# 2.1 - Linear model for One-Way ANOVA (cell-means and reference-coding)

by

We introduced the statistical model γ_{ij} = μ_{j} + ε_{ij} in Chapter 1 for the situation with *j* = 1 or 2 to denote a situation where there were two groups and, for the alternative model, the means differed. Now we have three groups and the previous model can be extended to this new situation by allowing *j* to be 1, 2, or 3. Now that we have more than two groups, we need to admit that what we were doing in Chapter 1 was actually fitting what is called a * linear model*. The linear model assumes that the responses follow a normal distribution with the linear model defining the mean, all observations have the same variance, and the parameters for the mean in the model enter linearly. This last condition is hard to explain at this level of material - it is sufficient to know that there models where the parameters enter the model nonlinearly and that they are beyond the scope of this course. The result of this constraint is that we will be able to use the same general modeling framework for the rest of the course.

As in Chapter 1, we have a null hypothesis that defines a situation (and model) where all the groups have the same mean. Specifically, the * null hypothesis* in the general situation with

*J*groups (

*J*≥2) is to have all the

__true__group means equal,

H_{0}: μ_{1} =... = μ_{J}.

This defines a model where all the groups have the same mean that we can define in terms of a single mean, μ, for the *i ^{th}* observation from the

*j*

^{th}group as γ

_{ij}= μ + ε

_{ij}. This is not the model that most researchers want to characterize their study as it implies no difference in the groups. There is more caution required to specify the

*with more than two groups. The alternative hypothesis needs to be the logical negation of this null hypothesis of all groups having equal means; to make the null hypothesis false, we only need one group to differ but more than one group could differ from the others. Essentially, there are many ways to "violate" the null hypothesis so we choose some delicate wording for the alternative hypothesis when there are more than 2 groups. Specifically, we state the alternative as*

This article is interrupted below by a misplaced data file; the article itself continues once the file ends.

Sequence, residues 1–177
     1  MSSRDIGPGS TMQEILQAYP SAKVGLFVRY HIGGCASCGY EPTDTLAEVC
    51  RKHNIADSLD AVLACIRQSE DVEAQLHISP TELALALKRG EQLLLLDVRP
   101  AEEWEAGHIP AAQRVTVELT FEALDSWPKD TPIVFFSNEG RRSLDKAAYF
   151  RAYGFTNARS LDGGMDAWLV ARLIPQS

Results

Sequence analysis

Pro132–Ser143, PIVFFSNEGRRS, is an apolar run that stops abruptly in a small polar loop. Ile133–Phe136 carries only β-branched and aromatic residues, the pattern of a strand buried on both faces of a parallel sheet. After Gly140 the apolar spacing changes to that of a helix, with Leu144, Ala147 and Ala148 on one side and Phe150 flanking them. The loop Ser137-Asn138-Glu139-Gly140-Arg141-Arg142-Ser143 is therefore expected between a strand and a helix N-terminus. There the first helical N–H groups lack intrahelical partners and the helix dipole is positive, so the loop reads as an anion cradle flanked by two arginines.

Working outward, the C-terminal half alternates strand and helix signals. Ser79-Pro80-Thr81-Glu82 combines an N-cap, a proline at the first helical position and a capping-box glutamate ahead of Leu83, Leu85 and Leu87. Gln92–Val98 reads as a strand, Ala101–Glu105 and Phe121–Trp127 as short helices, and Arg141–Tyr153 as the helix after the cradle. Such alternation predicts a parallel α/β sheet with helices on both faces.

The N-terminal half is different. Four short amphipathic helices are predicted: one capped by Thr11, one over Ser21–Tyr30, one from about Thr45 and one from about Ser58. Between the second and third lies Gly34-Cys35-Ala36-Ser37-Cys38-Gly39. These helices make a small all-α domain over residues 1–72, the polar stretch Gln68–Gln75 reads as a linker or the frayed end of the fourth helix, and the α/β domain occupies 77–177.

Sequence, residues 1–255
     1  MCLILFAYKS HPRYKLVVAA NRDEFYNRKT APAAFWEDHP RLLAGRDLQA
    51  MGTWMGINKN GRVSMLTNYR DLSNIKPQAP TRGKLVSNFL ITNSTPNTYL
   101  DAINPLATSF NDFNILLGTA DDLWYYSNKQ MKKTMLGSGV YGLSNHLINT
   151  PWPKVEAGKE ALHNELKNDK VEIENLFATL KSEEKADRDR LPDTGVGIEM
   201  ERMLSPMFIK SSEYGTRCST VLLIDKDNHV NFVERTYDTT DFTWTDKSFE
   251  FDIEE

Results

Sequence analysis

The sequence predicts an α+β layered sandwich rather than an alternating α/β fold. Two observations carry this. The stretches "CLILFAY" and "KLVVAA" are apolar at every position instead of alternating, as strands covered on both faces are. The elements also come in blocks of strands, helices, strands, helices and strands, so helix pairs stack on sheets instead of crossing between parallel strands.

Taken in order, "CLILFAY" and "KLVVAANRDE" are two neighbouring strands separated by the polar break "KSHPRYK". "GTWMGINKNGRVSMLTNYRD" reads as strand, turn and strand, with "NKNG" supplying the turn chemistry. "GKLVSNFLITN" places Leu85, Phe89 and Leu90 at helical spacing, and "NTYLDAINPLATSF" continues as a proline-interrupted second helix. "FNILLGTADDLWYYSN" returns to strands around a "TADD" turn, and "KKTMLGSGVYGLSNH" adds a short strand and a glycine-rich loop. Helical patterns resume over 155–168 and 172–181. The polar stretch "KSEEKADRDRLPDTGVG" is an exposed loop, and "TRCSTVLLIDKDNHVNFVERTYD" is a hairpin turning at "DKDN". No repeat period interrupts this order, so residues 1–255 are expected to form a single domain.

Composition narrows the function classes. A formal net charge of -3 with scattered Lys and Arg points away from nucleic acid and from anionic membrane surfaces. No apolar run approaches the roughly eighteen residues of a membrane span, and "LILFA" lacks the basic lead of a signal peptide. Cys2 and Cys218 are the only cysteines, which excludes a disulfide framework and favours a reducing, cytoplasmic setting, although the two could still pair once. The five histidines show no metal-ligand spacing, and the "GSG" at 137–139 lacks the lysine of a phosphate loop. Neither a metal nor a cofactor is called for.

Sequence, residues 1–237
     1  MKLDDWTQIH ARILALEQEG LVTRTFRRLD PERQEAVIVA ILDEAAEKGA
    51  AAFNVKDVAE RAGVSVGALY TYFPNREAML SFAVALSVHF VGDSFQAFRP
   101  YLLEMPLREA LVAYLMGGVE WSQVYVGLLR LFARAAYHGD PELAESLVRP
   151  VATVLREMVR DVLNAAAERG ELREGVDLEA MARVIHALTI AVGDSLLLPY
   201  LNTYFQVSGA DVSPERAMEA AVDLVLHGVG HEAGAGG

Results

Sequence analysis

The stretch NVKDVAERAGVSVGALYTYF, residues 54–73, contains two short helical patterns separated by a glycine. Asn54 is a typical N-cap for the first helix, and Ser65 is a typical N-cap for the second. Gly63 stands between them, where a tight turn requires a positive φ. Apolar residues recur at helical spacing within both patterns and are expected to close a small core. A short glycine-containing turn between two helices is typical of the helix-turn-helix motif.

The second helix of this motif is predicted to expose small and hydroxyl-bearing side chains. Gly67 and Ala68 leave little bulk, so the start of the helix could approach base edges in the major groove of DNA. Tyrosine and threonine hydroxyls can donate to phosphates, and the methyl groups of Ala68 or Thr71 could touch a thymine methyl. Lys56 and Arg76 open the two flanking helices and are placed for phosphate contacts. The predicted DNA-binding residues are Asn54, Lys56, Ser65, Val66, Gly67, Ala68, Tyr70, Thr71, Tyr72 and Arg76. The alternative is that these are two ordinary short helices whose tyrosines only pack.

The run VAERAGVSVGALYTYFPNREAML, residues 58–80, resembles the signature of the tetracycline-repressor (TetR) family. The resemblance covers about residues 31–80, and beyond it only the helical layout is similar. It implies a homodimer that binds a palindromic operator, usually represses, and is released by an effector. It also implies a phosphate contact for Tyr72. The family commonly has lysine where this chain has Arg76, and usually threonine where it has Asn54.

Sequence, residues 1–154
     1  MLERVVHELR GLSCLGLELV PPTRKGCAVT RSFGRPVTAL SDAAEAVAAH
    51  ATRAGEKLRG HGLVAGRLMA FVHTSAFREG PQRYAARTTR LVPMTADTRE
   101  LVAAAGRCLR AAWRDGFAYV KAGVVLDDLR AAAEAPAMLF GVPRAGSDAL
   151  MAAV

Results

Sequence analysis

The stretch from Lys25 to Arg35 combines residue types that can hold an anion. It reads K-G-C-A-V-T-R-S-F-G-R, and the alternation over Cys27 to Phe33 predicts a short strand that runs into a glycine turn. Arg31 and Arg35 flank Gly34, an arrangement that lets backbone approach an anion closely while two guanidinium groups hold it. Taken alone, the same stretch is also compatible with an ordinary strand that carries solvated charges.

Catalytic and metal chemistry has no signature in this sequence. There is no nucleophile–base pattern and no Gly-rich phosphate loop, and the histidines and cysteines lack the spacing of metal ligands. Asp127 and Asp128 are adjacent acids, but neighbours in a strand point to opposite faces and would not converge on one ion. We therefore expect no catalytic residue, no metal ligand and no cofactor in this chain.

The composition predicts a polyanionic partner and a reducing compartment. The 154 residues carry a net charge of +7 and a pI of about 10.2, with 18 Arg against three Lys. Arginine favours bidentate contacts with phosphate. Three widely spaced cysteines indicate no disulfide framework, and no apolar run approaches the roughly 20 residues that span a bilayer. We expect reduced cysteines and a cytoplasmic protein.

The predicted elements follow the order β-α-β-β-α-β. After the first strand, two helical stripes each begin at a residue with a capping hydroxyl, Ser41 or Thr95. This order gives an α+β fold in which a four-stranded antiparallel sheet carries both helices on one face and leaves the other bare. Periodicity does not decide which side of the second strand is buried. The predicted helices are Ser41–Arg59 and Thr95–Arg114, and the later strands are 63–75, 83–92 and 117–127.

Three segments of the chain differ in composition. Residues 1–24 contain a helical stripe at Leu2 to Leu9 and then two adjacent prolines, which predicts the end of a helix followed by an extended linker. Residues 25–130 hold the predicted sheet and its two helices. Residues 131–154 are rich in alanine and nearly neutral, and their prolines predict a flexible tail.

**alternative hypothesis**H_{A}: Not all μ_{j} are equal

or, in words, *at least one of the true means differs among the J groups*. You will be attracted to trying to say that all means are different in the alternative but we do not put this strict a requirement in place to reject the null hypothesis. The alternative model allows all the true group means to differ but does require that they differ with

γ_{ij} = μ_{j} + ε_{ij}.

This linear model states that the response for the i^{th} observation in the *j ^{th}* group,

**γ**

_{ij}, is modeled with a group

*j*(

*j*=1,...,

*J*) population mean, μ

_{j}, and a random error for each subject in each group, ε

_{ij}, that we assume follows a normal distribution and that all the random errors have the same variance, σ

^{2}. We can write the assumption about the random errors, often called the

*, as ε*

**normality assumption**_{ij}~N(0,σ

^{2}). There is a second way to write out this model that will allow extensions to more complex models discussed below, so we need a name for this version of the model. The model writtern in terms of the μ

_{j}'s is called the

*cell means model*and is the easier version of this model to understand.